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Historical project takes flight: City’s original airline ticket office restored at county museum

For nearly two decades, the historic Grand Canyon Airlines ticket office — later a house for Boulder City’s first African American family — sat in disrepair at the Clark County Museum.

But thanks to the nonprofit Clark County Museum Guild, an approximately $200,000 project to restore the building to its 1930s charm is nearly done.

“We wanted as much of the original material as possible,” said Mark Hall-Patton, Clark County museums administrator.

Clark County Parks and Recreation will hold a dedication ceremony for the Grand Canyon Airlines Ticketing Office/Bradley House on Feb. 22 at the Clark County Museum in Henderson.

The building was donated to Clark County in 2002 by Peter DeBeauchamp and Lisa Page, and the museum paid to have it moved by truck to its Heritage Street outdoor display.

The Clark County Museum Guild hired Melvyn Green and Associates, a Los Angeles-area structural engineering and historic preservation firm, to oversee the project. Work began around March and was underway all of last year.

The museum guild raised $250,000 in private donations to pay for the project, but restoration costs ended up coming in lower than that — around $200,000, Hall-Patton said. Fundraising efforts began in 2009 through events such as poker tournaments.

Now, museum employees are preparing the building’s interior for visitors. That includes displaying historic photos, installing exhibit panels with information and moving in furnishings.

The approximately 450-square-foot house has two rooms and a front porch. The front room will be set up as a replica of the airlines’ office as it would have appeared in the mid-1930s. The back room, which is painted a cheery shade of yellow, will be a replica of what the Bradley family’s living space looked like.

A piece of history

Grand Canyon Airlines, the first scenic tour flight operator in Southern Nevada, built a ticket office in 1935 on Bullock Field in Boulder City, Clark County Parks and Recreation said in a news release. The company was founded in 1927 and is still in operation.

The ticket office was used for four years, until a new terminal opened to house Trans World Airlines and Grand Canyon Airlines.

In 1939, the old ticket office was moved to Arizona Street in Boulder City, according to the news release. “It was rebuilt as a house and first used as the home of Grand Canyon Airlines employees.”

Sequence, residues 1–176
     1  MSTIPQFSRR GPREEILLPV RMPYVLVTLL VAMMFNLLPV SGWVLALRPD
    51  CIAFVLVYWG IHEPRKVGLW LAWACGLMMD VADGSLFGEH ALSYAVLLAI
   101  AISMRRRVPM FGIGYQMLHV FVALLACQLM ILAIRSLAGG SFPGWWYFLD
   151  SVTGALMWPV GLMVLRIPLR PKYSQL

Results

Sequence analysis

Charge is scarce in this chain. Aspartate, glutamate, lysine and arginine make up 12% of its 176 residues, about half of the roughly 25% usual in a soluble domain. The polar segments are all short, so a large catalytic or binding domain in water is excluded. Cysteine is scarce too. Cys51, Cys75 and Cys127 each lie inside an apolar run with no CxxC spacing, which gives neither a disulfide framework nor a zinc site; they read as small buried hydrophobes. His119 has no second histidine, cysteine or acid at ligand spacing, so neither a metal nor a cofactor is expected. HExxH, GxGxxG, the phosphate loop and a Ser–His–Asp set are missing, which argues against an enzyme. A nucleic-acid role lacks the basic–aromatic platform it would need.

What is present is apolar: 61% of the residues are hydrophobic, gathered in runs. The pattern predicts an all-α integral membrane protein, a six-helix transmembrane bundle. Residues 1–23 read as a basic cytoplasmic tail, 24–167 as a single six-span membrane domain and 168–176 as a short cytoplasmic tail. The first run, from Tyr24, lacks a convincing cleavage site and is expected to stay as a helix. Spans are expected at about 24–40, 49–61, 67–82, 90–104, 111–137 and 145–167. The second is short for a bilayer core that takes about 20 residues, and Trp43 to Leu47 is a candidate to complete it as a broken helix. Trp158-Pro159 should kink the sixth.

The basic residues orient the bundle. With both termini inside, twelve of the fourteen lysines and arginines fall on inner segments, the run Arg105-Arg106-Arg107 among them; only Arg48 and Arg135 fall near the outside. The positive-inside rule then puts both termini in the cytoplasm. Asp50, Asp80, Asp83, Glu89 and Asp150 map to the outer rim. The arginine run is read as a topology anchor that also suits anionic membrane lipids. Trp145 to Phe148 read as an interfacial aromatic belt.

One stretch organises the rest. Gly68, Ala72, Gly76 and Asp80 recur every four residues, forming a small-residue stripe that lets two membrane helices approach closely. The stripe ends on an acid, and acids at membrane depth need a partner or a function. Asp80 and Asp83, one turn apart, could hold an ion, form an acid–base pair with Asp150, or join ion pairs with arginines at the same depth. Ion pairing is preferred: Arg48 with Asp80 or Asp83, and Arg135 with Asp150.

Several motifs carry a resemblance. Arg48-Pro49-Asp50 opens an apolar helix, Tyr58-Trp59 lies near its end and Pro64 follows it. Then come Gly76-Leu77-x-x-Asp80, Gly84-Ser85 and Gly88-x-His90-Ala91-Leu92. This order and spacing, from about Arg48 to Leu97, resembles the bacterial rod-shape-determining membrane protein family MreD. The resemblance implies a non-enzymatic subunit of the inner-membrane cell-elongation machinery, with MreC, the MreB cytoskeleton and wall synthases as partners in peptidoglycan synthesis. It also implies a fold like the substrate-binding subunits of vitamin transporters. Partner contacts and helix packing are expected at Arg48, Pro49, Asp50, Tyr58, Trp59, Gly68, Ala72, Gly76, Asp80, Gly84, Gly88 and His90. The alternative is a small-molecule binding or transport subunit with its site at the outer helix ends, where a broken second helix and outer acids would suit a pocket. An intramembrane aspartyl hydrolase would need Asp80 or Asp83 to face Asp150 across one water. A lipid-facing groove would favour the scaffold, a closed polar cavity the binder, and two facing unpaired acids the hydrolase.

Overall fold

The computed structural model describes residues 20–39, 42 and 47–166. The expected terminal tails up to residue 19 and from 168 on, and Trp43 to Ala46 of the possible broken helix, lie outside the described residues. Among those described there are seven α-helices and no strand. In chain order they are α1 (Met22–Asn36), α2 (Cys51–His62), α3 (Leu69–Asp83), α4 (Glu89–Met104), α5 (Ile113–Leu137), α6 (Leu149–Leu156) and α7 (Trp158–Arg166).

Its first occupants were Henry and Ocie Bradley, Boulder City’s first African American family. They lived in the house for about six months.

“Henry worked as a chauffeur driver for Glover E. ‘Roxy’ Ruckstell, the owner of the charter company, and Ocie made box lunches for flight customers and tourists visiting Lake Mead,” according to the news release.

There were only 61 black Hoover Dam workers, and city manager Sims Ely didn’t allow them to live in Boulder City, Hall-Patton told the Boulder City Review in 2014. But Ruckstell told the city manager that the Bradleys were working for him and therefore needed to live in Boulder City.

Ely wanted Boulder City — a town built on a federal reservation — to remain “clean, green and white,” Nevada State Museum Director Dennis McBride told the Boulder City Review in 2014. The Bradleys weren’t treated well, he said, but local residents at the time described Henry as a friendly man who was welcoming to visitors and Ocie as a kind woman who loved to cook.

An accidental fire — which police said was sparked by faulty wiring — damaged their house in 1939, according to Las Vegas Review-Journal archives, and the Bradleys paid $1,200 to build a new house in a different location in Boulder City.

The Bradleys left town in 1946 to move back to Los Angeles, Hall-Patton said, adding museum staff haven’t been able to locate to any of the couple’s family members.

After the Bradleys moved out, the home had other occupants over the years. But by the early 2000s, it was in rough shape.

The owners understood the historic value of the building, but couldn’t do costly renovations, Hall-Patton said, so they donated it to the Clark County Museum.

The restoration

If you saw the building in 2002, you’d likely think, “Why are you bothering to save this?” Hall-Patton said.

Melvyn Green, owner of Melvyn Green and Associates, said his firm took measurements and created a floor plan of the building at least 15 years ago. After that, “years go by and you forget about it.”

Green said he has worked on other projects for Clark County Museum and has projects across Nevada, including one at Tule Springs to transform a hay barn into an event center.

Green’s firm oversaw the restoration. He said he wanted to get back to the “basics of the building” when it was used as an airline terminal.

The project included replacing some exterior siding, fixing the porch, redoing floors, repairing or replacing windows and putting in modern electrical wiring.

Buildings that age come with other challenges to remediate, too, such as lead-based paint and asbestos, Hall-Patton said.

The building still has its wooden foundation, but construction crews added rocks over it on the sides to emulate its original look. And the project included building an Americans with Disabilities Act-compliant ramp leading to the front porch.

A key rule in historic preservation is “it’s better to repair than replace,” Green said. “We preserved everything we could.”

Contact Julie Wootton-Greener at jgreener@reviewjournal.com or 702-387-2921. Follow @julieswootton on Twitter.

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